Because of the interrelationship between the temperature, pressure, and density of gases, the amount of hydrogen, H2, (or compressed natural gas (CNG)) that can safely be introduced into a storage tank, such as a vehicle storage tank, during refueling necessarily depends upon factors such as the volume, design pressure, and temperature of the tank, and the temperature and pressure of the compressed gas inside the tank. Industry convention sets the pressure rating for H2 fuel tanks at the standard temperature of 15 degrees Celsius, so nominal pressure ratings such as 250 bar (25 MPa), 350 bar (35 MPa), 500 bar (50 MPa) and 700 bar (70 MPa), correspond to an internal gas temperature of 15 degrees Celsius. During rapid refueling of hydrogen, the internal tank temperature will typically rise about 50 degrees Celsius due to adiabatic compression of the gas and the reverse Joule-Thompson effect. After the tank is filled, the temperature and pressure inside the tank will decrease as the gas cools. Wide variations in ambient temperature above or below the standard condition of 15 degrees Celsius can also have a significant effect on the indicated pressure inside the tank during and after refueling.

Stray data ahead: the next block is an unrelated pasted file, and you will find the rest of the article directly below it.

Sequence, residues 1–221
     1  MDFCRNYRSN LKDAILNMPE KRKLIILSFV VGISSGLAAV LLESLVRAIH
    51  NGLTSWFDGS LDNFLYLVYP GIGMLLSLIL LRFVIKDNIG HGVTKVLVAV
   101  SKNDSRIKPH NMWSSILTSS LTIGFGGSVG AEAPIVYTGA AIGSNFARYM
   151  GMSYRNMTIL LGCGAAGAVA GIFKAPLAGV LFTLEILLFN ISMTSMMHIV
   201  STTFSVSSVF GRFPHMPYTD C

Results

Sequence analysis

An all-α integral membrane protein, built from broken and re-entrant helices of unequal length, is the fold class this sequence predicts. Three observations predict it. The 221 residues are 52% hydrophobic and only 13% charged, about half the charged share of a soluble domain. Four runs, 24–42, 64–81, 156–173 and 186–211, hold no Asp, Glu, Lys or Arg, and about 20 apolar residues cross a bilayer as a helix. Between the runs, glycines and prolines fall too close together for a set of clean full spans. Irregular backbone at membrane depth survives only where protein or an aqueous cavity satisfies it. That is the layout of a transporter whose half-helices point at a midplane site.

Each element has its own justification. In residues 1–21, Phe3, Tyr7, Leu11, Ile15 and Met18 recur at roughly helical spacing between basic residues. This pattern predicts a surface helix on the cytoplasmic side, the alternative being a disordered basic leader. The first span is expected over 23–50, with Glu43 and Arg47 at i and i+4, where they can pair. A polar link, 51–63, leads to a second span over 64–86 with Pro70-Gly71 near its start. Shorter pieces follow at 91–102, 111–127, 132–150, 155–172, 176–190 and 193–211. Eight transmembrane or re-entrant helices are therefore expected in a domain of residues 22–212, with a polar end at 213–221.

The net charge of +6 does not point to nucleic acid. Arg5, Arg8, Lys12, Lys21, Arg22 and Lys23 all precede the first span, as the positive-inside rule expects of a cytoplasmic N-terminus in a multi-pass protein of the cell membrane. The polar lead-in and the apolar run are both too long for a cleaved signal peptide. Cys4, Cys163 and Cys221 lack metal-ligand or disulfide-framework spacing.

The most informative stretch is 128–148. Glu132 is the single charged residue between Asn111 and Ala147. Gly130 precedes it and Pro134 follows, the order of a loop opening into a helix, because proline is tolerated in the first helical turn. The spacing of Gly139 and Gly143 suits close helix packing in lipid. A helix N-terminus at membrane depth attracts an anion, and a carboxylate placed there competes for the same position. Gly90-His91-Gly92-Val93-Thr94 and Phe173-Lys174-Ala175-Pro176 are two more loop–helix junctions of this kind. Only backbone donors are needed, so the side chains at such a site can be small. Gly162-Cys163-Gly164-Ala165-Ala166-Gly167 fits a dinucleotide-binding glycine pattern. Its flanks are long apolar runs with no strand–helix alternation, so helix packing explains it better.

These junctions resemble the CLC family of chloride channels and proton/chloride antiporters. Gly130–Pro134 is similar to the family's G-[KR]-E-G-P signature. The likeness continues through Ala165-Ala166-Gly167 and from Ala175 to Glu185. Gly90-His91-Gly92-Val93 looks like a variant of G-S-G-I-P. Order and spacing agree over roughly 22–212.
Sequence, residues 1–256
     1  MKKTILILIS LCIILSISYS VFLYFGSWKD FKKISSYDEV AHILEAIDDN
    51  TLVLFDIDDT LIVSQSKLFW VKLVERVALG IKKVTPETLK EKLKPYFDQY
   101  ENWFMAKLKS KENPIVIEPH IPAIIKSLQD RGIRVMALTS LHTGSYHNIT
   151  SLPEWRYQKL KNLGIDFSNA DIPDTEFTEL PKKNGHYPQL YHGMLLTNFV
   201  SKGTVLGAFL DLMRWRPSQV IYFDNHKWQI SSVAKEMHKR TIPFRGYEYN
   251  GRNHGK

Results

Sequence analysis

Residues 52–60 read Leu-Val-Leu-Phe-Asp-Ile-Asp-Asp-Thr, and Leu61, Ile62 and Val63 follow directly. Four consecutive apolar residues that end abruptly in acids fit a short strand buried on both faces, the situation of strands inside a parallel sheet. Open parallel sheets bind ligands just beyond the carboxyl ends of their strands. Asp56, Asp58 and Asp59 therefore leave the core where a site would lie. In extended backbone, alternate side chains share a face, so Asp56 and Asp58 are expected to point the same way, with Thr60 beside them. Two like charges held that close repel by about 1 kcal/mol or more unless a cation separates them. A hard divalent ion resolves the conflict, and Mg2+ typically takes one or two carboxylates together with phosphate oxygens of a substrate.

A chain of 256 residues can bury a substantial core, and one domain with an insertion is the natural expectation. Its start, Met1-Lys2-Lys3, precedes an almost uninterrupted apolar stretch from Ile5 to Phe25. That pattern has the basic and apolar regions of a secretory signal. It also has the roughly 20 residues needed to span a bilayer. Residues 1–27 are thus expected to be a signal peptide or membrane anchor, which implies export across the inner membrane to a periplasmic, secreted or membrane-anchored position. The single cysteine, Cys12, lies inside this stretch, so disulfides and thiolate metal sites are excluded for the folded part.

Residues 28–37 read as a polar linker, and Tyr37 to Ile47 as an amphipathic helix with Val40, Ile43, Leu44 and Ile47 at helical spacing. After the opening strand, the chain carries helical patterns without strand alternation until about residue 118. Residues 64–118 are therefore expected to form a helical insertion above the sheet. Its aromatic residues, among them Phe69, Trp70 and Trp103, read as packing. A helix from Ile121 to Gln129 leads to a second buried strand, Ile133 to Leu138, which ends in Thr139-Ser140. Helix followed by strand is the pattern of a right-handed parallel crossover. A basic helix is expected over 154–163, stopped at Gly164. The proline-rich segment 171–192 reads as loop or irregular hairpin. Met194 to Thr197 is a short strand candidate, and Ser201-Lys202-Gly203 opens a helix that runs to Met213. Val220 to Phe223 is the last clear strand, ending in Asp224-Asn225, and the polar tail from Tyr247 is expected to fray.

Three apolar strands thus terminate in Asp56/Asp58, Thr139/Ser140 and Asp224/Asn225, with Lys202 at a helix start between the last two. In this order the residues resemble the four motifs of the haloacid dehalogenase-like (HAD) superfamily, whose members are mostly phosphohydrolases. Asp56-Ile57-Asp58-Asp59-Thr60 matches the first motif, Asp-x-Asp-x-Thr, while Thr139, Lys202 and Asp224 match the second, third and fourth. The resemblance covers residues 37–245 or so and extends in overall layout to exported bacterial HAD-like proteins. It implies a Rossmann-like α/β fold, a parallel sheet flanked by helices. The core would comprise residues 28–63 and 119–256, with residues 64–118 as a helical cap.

As referred to herein, a compressed gas includes pressurized gas and supercritical fluids. A pressurized gas is a fluid below its critical pressure and below its critical temperature. A supercritical fluid is a fluid above either its critical pressure or its critical temperature.

It is desirable to have a compressed gas dispensing station capable of transferring a compressed gas to a receiving vessel until the density in the receiving vessel reaches a preselected density without the problem or risk of overfilling.

BRIEF SUMMARY OF THE INVENTION